Marcus dragged his gaze to the woman. In the living room, Jay was now sitting on the sofa in front of the TV. The news was on, and he didn’t miss the fact that the sofa was covered in what looked like bedding, blankets and a pillow.

Eva’s lip trembled. How could the woman be so cruel?

“Eva, I know this is a scary thing for you, but I promised you I would see that you’re safe,” Marcus said. “Hey, come on, have a seat here at the table.” He pulled out a chair and lifted her onto it, then pulled out another one. He wondered if she’d had anything to eat. “Are you hungry? Did you get anything last night? How about something now, breakfast?”

He didn’t have a clue what else to say. He lifted his gaze over to Rita, who seemed to get it, as she reached into a cupboard and pulled out a bowl. Maybe she understood what was expected of her.

“I’m hungry,” Eva said, and he didn’t miss the tears in her eyes. “Can I see my mommy?”

“Hey, listen, I know you want to see your mommy,” he said. “I’ll tell you what. Let me see what I can do, but how about we get you some breakfast first? We’ll see that you get everything you need.”

Charlotte was watching Rita, who pulled out a box of cheap generic cereal and dumped some in a bowl, followed by skim milk from the fridge. So this was it? He pulled his gaze away, hearing Charlotte saying something about the milk, or maybe the cereal, or maybe something else entirely.

“You promise you’ll take me to my mommy? I don’t want to stay here,” she said in almost a whisper. He knew well she didn’t want the old woman to hear, and for a minute, he could see how scared she was, in a strange house with strangers. He couldn’t imagine how he’d have felt if he were her. Rita put the bowl of cereal in front of her on the table. Cold and sterile—that was how this seemed to him.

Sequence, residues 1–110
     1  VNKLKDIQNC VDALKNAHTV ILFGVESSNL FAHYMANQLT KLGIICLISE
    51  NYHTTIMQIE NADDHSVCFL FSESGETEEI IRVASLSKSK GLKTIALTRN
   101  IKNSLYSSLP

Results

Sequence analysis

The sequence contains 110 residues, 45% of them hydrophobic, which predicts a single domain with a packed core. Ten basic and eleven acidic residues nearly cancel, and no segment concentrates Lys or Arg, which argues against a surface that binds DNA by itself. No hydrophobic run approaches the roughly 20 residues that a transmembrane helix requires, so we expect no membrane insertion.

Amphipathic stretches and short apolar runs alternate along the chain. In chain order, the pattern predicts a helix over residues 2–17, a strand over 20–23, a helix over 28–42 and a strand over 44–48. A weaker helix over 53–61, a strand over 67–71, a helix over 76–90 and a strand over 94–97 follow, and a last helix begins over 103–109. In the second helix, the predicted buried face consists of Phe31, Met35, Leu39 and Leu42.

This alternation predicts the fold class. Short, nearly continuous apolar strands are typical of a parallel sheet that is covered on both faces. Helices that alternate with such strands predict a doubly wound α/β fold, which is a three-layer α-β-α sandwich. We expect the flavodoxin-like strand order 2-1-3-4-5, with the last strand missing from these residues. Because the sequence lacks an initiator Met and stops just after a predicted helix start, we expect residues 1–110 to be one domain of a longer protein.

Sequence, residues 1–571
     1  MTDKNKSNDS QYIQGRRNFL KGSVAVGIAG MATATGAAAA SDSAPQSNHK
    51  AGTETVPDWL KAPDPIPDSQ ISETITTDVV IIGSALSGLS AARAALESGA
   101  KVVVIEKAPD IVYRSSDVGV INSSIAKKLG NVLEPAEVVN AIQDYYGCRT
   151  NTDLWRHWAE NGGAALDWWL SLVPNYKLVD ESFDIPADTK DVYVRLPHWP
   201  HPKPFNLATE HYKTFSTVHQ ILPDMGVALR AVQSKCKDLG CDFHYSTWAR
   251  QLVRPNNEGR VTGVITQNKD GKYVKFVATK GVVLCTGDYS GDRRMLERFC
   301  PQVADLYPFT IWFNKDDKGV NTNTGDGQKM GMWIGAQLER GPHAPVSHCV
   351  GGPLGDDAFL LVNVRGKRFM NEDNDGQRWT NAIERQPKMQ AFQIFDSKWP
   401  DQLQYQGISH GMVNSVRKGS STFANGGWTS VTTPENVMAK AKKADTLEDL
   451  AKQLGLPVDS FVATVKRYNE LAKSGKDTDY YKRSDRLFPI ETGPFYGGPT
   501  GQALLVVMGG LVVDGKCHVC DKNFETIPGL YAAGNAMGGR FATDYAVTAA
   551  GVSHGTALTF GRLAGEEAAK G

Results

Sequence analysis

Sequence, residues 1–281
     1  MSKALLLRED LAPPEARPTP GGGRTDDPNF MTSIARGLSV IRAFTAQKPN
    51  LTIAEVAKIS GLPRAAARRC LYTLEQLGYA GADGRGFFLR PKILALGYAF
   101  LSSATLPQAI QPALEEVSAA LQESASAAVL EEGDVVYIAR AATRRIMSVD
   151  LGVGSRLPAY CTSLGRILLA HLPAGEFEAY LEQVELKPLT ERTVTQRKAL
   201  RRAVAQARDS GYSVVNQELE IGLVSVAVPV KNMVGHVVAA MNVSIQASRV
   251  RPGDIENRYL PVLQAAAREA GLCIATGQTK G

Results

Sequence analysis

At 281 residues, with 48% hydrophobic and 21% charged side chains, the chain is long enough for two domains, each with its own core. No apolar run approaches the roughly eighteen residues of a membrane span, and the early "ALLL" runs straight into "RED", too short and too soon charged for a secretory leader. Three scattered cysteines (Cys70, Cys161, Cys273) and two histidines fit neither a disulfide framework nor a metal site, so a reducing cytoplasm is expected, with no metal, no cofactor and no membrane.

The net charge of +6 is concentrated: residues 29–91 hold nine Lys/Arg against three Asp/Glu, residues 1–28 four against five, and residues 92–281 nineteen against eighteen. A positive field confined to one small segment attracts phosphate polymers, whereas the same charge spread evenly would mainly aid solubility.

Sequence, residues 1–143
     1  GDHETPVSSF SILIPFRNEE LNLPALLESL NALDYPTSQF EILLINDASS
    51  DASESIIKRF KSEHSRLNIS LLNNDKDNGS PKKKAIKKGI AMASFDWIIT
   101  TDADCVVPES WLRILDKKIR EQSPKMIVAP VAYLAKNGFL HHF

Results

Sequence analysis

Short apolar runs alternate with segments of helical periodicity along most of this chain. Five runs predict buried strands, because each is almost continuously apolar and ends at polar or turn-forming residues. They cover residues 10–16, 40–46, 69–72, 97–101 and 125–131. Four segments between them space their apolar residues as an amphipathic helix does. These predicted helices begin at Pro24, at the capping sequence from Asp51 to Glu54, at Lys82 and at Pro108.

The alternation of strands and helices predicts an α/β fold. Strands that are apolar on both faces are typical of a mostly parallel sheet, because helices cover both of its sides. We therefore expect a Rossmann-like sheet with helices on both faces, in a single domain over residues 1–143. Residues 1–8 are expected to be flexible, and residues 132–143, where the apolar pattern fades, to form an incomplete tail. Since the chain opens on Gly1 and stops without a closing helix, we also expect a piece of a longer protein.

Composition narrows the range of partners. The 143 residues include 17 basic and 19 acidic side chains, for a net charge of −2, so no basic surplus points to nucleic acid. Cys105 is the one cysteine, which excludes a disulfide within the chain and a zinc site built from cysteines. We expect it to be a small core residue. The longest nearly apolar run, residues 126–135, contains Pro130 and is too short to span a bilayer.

“There’s your breakfast, Eva. Come on, eat up,” Rita said, then turned toward Marcus. “Don’t start getting it in her head that she’s seeing her mother, because I don’t want to hear about it every hour, every day—and then the crying. Eva, at this point, you won’t be seeing her. Deputy, you should know better.” She walked away back into the kitchen. “Do you want some juice or something, too? Not sure if I have any. Considering the hour you showed up here, I wasn’t prepared…”

Marcus took in the watery cereal. Not the best breakfast, and it wasn’t lost on him how the woman sounded as if this were in some way Eva’s fault.

“No juice,” Rita said. “Looks like Jay drank the rest of it. I’ll have to go to the store later and figure out something for dinner. Jay, I need you to head out to the store for some groceries!”

“Hey, Eva, slide around and eat,” Marcus said, not liking how the old woman was talking.

Charlotte was standing in the kitchen, her arms crossed, looking around at everything. He knew by her expression that she wasn’t impressed.

“I’m going to do everything I can, Eva,” Marcus said. “This is just temporary, okay?”

Her eyes seemed hollow, filled with tears, and he rested his hand on her shoulder, feeling how small and thin she was.

“You remember Charlotte?” he said. “She was on the phone with you last night when you called in. Well, I brought her with me. That’s her there.”

Eva put the spoon down after taking a tiny bite. Her expression said enough about how bad it must have tasted. “She was really nice,” she said, then turned her head. “She’s pretty, too.”

Marcus stood and gestured to Charlotte. “Charlotte, come on over and sit with Eva. I just want a word with Rita.”

She must have understood, as she stepped in front of him, and he rested his hand on her shoulder, touching her as she sat and scooted her chair closer. She slid her arm around the little girl, comforting her. She just needed someone to give a damn.

He stepped into the kitchen, where Rita was leaning on her cane and extending a hard look his way.